Ten Tuesday Scribbles

Posted by zhayes9 on November 23rd, 2010

Zach Hayes is an editor, contributor and bracketologist for Rush the Court.

Pitt has a team capable of reaching that elusive Final Four

1. I had an opportunity to attend the consolation and championship games of the 2K Sports Classic last Friday and learned a great deal about the four teams participating- Pittsburgh, Texas, Illinois and Maryland. The Panthers were one of my preseason Final Four teams and did nothing to give me second thoughts on that prediction. Ashton Gibbs is a true playmaker at the end of the shot clock, Jamie Dixon has an incredibly deep frontcourt and the Panthers play heady, smart, hard-nosed basketball for 40 minutes. It’s possible we overrated Illinois a bit coming into the year. They lack a bruiser down low that can post up on the block and demand the basketball. Mike Tisdale’s the same player he’s been his entire career at Illinois, a capable mid-range jump shooter that lacks any sort of physicality and is often mired in foul trouble because opposing power forwards constantly out-muscle him. Maryland looks like a middle-of-the-pack ACC team that should sneak into the NCAA Tournament because Gary Williams always receives max effort from his teams and Jordan Williams is a force in the post, although he needs to avoid silly fouls and demand the basketball more often. The team that needed to convince me they were a contender after last season’s disaster is Texas. The Longhorns are a top-20 team with a duo of physical, lockdown defenders on the perimeter in Dogus Balbay and Cory Joseph, an athletic low-post presence in Tristan Thompson and an explosive scorer in Jordan Hamilton. A shortened rotation and accepted roles has helped Rick Barnes develop improved chemistry, as well.

2. The story of the first two weeks of college basketball might just be Minnesota. The Big Ten was the best conference coming into the season with Michigan State and Ohio State shaping up to be Final Four frontrunners, Purdue and Illinois mainstays in the polls and Wisconsin as solid as ever. Minnesota was a team that nobody could quite get a handle on, especially considering it was impossible to predict just how much the additions of Trevor Mbakwe and Al Nolen would help Tubby Smith.  After three statements wins in Puerto Rico over Western Kentucky, North Carolina and West Virginia, the Gophers appear to be yet another contender primed for a deep March run out of the absolutely loaded Big Ten. Al Nolen was superb in the championship game against West Virginia locking down the Mountaineer’s point guard duo of Joe Mazzulla and Darryl Bryant on defense and splitting the West Virginia defense with dribble penetration that either resulted in free throws (11-12 on the night) or open looks for sharpshooting teammate Blake Hoffarber. Where the Gophers have forged their identity, though, is inside with a plethora of size and length. Ralph Sampson, Colton Iverson, Mbakwe and big bodied Mo Walker provide Smith a frontline that can go toe-to-toe with any in the nation. Just wait till they get Devoe Joseph back.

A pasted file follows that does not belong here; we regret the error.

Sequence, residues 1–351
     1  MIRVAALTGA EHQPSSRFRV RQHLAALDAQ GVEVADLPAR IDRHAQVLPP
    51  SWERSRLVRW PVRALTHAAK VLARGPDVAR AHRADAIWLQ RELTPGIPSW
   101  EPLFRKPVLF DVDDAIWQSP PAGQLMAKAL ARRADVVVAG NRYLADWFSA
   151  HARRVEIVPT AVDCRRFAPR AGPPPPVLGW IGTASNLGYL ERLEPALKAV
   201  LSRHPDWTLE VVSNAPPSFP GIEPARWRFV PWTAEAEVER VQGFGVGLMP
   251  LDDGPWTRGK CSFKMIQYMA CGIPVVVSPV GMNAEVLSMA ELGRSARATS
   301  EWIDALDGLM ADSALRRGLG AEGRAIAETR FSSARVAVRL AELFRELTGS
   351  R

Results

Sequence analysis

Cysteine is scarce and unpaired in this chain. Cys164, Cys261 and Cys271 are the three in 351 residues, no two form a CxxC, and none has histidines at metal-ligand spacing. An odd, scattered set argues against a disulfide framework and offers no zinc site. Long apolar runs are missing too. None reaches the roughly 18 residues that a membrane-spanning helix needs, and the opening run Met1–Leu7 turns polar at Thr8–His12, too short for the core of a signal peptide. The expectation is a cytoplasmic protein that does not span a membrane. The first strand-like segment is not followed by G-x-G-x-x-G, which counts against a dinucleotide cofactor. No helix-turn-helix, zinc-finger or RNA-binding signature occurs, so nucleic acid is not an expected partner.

3. The most crippling defeat for any team with NCAA Tournament aspirations could have come Monday afternoon at the Maui Invitational for Wichita State. The Shockers inability to contain Kemba Walker (29 second half points) cost them a chance to pick up a quality win over a Big East opponent and a shot at potential #1-seed Michigan State in the semifinals. Why is this so devastating? One, Wichita just blew their best chance for an RPI/SOS booster. The only other challenging non-conference game on the slate is a road trip to San Diego State, where it’s extremely unlikely the Shockers leave with a victory. Merely the addition of the Spartans on their schedule would improve Wichita’s power rating dramatically. Instead, it’s increasingly likely Gregg Marshall’s team will have to win the MVC Tournament. This task is very possible; after all, the Shockers are the prohibitive favorite, a senior-laden squad with talents like Toure Murry, David Kyles and J.T. Durley. Marshall’s goal in Maui was to pick up two quality wins for the resume in March. That chance has gone by the wayside.